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3 BIG reasons CEOs should Blog

23 October 2007 3 Comments

There are plenty of reasons for CEOs and other high level executives to blog. I'm skipping the “because communicating is good” and concentrating on the solid benefits in this list.

1) Blogs add a personality and face to a company. This can mean more business — more dollars and cents.

Let's face it, people don't tend to trust big organizations anymore, whether it's the US Government, Microsoft, Worldcom, Enron,
etc. People do however trust people they know, and like to do business
with people they know and trust. When an executive blogs, they become part of the face and personality associated with the
organization. They build trust. They build likability.

I never liked Sun Microsystems. They were an arrogant competitor from way back. I now occasionally read their president and CEO Jonathan Schwartz's blog, and I no longer think of them as the old arrogant Sun — I rather like them these days.

2) Blogs influence the most important people.

I rarely read GM's Fastlane blog.
I simply don't care about cars. But guess who does? Well, my friend
Gearhead Gregorius (name changed for my amusement) does. When I need a
new car, who do I ask for opinions? Well quite naturally Gregorius the
car nut — and he's much more positive on on GM these days.

Few if any of my clients read Jonathan Schwartz's blog.
But when they need to buy new Unix Workstation, my opinion is often
valued as I'm an old Unix guy from way back, and as I've said before I
kind of like Sun now.

3) Blogs connect CEOs and senior executives to their most important people — the customers.

It's lonely at the top! The higher you get, the less feedback you get.
The less in touch with the end customer you are. Blogs put you in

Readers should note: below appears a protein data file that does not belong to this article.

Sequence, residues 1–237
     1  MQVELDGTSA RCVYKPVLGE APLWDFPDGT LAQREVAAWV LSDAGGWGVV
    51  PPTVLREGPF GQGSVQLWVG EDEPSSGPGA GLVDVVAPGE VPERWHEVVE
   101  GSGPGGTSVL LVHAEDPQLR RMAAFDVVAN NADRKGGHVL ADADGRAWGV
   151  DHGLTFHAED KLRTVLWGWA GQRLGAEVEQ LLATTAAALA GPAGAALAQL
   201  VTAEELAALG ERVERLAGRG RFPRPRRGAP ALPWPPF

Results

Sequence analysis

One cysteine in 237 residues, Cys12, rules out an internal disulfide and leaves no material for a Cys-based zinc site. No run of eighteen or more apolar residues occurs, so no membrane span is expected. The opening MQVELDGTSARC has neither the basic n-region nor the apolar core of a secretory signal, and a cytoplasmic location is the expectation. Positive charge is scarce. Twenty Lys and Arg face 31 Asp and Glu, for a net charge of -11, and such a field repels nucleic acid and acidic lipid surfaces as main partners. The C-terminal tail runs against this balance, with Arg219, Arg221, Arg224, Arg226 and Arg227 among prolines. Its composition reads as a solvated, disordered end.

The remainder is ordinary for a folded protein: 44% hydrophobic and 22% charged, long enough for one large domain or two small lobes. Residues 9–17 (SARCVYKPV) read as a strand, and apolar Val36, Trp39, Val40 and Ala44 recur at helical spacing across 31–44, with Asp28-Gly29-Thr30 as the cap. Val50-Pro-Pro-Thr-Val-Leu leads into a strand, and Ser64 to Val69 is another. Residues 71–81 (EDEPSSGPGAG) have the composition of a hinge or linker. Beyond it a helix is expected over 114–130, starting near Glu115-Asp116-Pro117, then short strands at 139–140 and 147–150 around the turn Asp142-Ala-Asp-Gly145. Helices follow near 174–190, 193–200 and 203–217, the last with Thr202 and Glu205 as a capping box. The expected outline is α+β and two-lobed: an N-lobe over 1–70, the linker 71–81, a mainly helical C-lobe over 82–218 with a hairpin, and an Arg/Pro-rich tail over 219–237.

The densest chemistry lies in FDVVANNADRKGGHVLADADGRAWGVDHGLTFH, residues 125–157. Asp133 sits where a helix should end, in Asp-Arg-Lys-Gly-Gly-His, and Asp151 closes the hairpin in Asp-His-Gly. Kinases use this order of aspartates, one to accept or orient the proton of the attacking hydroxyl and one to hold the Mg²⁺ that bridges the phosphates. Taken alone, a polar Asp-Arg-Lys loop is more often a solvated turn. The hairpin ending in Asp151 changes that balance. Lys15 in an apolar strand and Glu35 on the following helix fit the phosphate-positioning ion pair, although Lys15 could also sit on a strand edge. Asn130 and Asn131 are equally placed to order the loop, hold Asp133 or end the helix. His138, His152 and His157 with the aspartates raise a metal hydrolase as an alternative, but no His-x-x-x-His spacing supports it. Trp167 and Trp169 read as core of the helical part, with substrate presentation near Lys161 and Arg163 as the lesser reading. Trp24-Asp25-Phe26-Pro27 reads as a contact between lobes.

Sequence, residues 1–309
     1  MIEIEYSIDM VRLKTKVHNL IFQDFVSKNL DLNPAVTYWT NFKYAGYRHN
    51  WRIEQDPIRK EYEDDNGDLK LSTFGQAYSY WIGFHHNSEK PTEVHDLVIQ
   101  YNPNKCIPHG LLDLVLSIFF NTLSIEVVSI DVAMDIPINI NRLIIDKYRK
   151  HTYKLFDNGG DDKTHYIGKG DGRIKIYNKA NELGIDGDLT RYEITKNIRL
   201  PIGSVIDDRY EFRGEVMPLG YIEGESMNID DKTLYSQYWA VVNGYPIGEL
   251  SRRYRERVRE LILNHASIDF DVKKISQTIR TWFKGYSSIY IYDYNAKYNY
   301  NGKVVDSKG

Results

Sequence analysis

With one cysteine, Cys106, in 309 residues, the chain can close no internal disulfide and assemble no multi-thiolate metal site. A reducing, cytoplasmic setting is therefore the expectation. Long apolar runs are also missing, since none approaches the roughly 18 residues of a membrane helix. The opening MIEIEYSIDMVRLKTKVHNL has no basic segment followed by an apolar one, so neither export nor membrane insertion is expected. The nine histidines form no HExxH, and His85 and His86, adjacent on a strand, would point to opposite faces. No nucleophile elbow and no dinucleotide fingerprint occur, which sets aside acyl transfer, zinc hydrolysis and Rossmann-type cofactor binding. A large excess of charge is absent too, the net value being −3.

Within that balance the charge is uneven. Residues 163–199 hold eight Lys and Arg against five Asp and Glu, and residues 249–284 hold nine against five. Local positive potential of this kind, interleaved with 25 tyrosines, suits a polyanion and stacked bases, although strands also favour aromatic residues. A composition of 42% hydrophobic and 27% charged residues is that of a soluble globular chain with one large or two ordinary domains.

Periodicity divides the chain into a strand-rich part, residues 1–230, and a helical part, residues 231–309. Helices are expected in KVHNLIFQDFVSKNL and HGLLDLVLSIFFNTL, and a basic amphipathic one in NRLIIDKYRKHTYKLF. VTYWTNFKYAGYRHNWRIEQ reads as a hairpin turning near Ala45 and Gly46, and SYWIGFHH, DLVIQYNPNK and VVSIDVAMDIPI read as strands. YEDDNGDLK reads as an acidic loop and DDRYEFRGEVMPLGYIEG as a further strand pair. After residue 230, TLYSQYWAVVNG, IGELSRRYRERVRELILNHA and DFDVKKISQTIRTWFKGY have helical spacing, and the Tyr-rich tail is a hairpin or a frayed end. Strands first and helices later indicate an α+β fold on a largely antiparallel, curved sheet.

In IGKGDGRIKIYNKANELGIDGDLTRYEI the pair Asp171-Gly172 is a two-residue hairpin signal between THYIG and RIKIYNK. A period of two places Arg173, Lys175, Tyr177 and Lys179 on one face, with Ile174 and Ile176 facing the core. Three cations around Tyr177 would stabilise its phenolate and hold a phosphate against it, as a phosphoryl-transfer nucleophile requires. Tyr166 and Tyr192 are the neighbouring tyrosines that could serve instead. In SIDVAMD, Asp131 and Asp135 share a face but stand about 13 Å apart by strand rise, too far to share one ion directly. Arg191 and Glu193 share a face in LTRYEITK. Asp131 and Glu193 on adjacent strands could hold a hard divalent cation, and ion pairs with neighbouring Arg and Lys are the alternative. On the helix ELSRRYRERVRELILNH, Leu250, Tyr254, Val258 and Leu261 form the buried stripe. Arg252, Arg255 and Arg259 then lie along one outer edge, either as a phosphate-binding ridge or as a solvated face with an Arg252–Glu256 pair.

direct contact with the people that matter most, the end customers.

Bonus #4) Writing is critical business skill

Some executives and CEOs really should learn to do it better! Practice doesn't make perfect, but it does help you improve.

Tomorrow: Why executives shouldn't blog, and some certainly shouldn't!


  • Anonymous said:

    Do you really think a CEO should use a public forum to “meet” people or learn to write? I think #3 and #4 would be more appropriate for an internal company blog, like a company newsletter. Unless the CEO is a good communicator — or hires one — it seems to be poor judgment to put the company's image on the line like that.

  • Anonymous said:

    I don't meet “connect” as in “meet” or “LinkedIn,” but connect as in communicate directly. CEOs sometimes don't hear what is actually happening at the front lines — the information is filtered through several layers. This removes the layers — direct communications.
    As far as learning the write — they better already be good at that! Blogging can only make them better.

  • Anonymous said:

    Your reasons for CEOs blogging seem more anecdotal than universal. In an ROI-driven world, they sound almost folksy.
    I think you might be right that blogging personalizes and popularizes CEOs — which is probably to their personal benefit — but I have to wonder about the benefits to the business.
    I have a couple good reasons to add. One is improving visibility in general and search engine rank in particular. Search engines just love authoritative bloggers who blog every day.
    Another reason is to stay sharp. If you're blogging every day, you have to keep on top of the news and the tools and your market. I probably would not have noticed how quickly people are migrating to online software such as Google Apps or Zoho or Skype if it weren't for blogging. And those things are making a real difference to my bottom line.